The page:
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Short-term responses of red squirrels to prescribed burning in the interior Pacific Northwest, USAAuthor(s): Robin E. Russell; John F. Lehmkuhl; Stephen T. Buckland; Victoria A. Saab
Source: Journal of Wildlife Management. 74(1): 12-17.
Publication Series: Scientific Journal (JRNL)
Station: Rocky Mountain Research Station
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DescriptionWe quantified changes in density of red squirrels (Tamiasciurus hudsonicus) in response to prescribed fire in mixed coniferous forests of Idaho and Washington, USA, using a Before-After-Control-Impact design. We found no evidence that low-severity prescribed fires affected density of red squirrels; we estimated the change in red squirrel densities due to prescribed fire as 20.15 squirrels/ha (95% CI 5 20.4050.105). Squirrel density did, however, increase with increasing live tree density, shrub cover, and density of large downed logs, and varied across years and states. These results indicate that land managers implementing prescribed fire treatments to reduce fuel loads on public lands can reduce the impacts of fire on squirrel populations by formulating prescriptions to retain large live trees and large downed logs.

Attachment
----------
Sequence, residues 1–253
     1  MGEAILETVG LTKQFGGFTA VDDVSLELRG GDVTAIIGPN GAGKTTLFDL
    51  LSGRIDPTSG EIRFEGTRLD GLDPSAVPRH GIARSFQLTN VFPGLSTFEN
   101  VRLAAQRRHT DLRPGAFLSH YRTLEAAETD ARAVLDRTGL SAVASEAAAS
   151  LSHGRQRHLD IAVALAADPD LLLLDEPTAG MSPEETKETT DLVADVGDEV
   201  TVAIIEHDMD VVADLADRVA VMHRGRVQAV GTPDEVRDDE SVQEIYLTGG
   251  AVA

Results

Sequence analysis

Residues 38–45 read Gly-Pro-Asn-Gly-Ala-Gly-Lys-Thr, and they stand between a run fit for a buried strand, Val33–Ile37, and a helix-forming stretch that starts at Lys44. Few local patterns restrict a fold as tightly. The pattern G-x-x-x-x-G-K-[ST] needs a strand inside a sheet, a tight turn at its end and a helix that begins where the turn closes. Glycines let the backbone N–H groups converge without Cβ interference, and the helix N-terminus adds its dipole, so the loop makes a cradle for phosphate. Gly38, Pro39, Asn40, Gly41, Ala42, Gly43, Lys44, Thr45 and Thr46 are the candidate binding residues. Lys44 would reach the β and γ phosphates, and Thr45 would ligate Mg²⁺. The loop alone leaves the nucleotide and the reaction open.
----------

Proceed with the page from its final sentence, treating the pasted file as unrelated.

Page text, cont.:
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CitationRussell, Robin E.; Lehmkuhl, John F.; Buckland, Stephen T.; Saab, Victoria A. 2010. Short-term responses of red squirrels to prescribed burning in the interior Pacific Northwest, USA. Journal of Wildlife Management. 74(1): 12-17.
KeywordsBefore-After-Control-Impact, fuel reduction, Idaho, point counts, ponderosa pine, prescribed fire, Tamiasciurus hudsonicus, Washington
- Thinning and prescribed fire effects on overstory tree and snag structure in dry coniferous forests of the interior Pacific Northwest
- Demography of northern flying squirrels informs ecosystem management of western interior forests.
- Changes in downed wood and forest structure after prescribed fire in ponderosa pine forests
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